Wednesday, July 22, 2009

Hospitalera in Corcubion

In 2007 I walked the camino Frances (3rd time) and wrote this on my blog after staying at Granon and Tosantos:
These ´donativo´refuges are run solely for pilgrims to Santiago and we find it amazing that people are prepared to volunteer to cook and clean up after us, out of the goodness of their hearts.
I decided that if I ever got back to Spain to walk a camino, I would volunteer in one of the donativo albergues. I was able to do a pilot online hospitalero course and was fortunate to be assigned to the albergue San Roque outside Corcubion on the Santiago to Fistera route. I should have started there on 27th June but whilst in Santiago I got a call to say that the albergue was closed for 4 days as there was a fiesta in the park and the stands were right up against the albergue building. I decided to walk to Finisterre and once there I was able to help out at the municipal albergue there for a day before being taken to the albergue San Roque.
From 4pm to 10:30pm I was assistant Hospitalera at Finisterre. Well, Begoña said that I was the hospitalera and she was the Police!
Walking around Finisterre, I met up again with the two Cape Town pilgrims I'd come across at Oliveiroa. We sat on the sea front for a while talking about home, the camino and other nostalgic things. We had our photographs taken so that we could submit them to the CSJ of SA for the newsletter.
Back at the albergue municipal I was put to work! I learned how to register the pilgrims as they arrived - queues of them waiting at the door at 4pm - handed out the Finsterra document, the disposable bedding, explained about the doors closing at 10:30pm but a side gate being left open until mid-night for late comers and that they had to be out by 8h30 which is when the municipal cleaners move in. No scrubbing toilets at Finisterre - that was still to come! One of the pilgrims in the queue was Conny (the Dutch girl I´d left at a cafe bar on the way to Finisterre).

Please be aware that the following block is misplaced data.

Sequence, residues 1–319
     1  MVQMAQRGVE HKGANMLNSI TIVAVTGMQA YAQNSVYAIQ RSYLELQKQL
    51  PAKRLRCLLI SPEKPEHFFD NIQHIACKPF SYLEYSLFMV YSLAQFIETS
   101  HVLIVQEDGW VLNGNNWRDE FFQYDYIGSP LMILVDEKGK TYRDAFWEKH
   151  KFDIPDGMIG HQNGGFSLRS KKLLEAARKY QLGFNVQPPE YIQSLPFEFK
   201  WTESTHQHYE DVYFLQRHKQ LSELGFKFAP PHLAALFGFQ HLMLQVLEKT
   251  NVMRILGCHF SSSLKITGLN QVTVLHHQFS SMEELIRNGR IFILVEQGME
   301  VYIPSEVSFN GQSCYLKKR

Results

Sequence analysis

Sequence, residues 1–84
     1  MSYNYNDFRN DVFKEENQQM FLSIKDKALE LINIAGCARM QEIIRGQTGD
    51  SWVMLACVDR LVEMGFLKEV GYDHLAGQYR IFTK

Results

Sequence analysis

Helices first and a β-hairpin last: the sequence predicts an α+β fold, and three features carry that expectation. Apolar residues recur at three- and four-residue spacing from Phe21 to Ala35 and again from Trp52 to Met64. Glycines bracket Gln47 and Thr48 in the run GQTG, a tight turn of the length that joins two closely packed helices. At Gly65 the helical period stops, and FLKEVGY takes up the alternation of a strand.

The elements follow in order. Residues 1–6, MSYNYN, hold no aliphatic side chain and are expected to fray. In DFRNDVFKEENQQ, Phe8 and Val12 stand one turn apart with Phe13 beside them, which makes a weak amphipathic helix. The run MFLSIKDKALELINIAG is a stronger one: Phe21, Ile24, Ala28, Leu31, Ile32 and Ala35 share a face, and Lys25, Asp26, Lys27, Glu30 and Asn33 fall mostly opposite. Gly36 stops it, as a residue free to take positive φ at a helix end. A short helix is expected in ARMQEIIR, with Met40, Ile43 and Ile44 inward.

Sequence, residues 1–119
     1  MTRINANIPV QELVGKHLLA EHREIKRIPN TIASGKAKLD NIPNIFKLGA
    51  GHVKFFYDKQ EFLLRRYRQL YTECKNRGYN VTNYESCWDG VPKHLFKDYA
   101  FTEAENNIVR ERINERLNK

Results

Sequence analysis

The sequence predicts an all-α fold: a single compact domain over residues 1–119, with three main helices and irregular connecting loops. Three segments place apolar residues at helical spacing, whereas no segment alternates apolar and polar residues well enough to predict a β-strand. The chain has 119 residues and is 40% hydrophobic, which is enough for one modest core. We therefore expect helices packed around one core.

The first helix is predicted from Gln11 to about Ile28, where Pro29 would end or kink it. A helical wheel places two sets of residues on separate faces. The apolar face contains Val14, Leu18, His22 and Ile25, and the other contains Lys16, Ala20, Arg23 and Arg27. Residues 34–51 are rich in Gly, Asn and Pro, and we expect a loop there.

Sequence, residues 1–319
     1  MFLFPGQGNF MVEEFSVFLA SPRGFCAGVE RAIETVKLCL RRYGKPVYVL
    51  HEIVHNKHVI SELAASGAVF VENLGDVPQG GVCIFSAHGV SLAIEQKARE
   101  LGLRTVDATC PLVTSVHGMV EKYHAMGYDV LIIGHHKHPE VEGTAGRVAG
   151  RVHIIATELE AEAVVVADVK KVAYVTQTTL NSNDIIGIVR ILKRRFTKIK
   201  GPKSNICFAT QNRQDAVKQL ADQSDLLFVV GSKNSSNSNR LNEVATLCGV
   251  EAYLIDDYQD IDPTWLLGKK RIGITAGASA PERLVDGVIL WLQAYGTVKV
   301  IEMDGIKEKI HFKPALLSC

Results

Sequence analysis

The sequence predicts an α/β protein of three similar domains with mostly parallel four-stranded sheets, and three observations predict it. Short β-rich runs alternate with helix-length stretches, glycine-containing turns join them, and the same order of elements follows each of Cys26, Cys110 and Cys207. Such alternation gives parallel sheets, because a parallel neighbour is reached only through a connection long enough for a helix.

I didn´t get to bed until after 11pm and was up and ready by 7am. At 8h30 it was time to chase up the many young peregrinos who had partied at the lighthouse until late.
"I´m looking forward to seeing how you handle this" said Conny.
I walked through the dormitory tickling feet and telling everyone in a loud voice to get up and get out because it was after 8h30.
"Why do we have to get up so early?" asked one sleepy pilgrim. "This is the end, we don't have to walk today".
"So that the cleaners can come in and scrub the showers and toilets and make your bed for the next pilgrim" I said.
"Arghhhh...!!!" he moaned, and put his pillow over his head. Conny looked at me and laughed. "Tell him vee hav vays of making them move!"
By 9am most of the peregrinos were downstairs in various stages of dressing. But when I went to check for a last time, there were clothes on the folding dryer, boots under a bed, a good collapsible walking pole in a corner and other paraphenalia in the room.
"Don´t worry" said Begona, just put it in the laundry room with all the other lost stuff. I was amazed to find clothing, shoes, sandals, boots, backpacks, hats etc in a large pile in the laundry. Perhaps being at the end of the walk many pilgrims can´t be bothered to carry all their stuff home so they just leave it behind!
Perhaps there could be a 2nd hand depot for pilgrims who can't afford to purchase all this stuff?When the cleaners came I went across the road to the cafe-bar and joined Conny for breakfast. We said our 2nd goodbyes and promised to email. Then I went back to the albergue and met Isabel who will be my companion hospitalera for 2 weeks. Isa is a tiny little thing from the Basque country and doesn´t speak any English - besides ´thank you´and ´good bye´ so I´m expecting my Spanish to improve in two weeks! It is also her first stint as hospitalera so we both felt a bit nervous when Francelino fetched us to take us to Corcubion.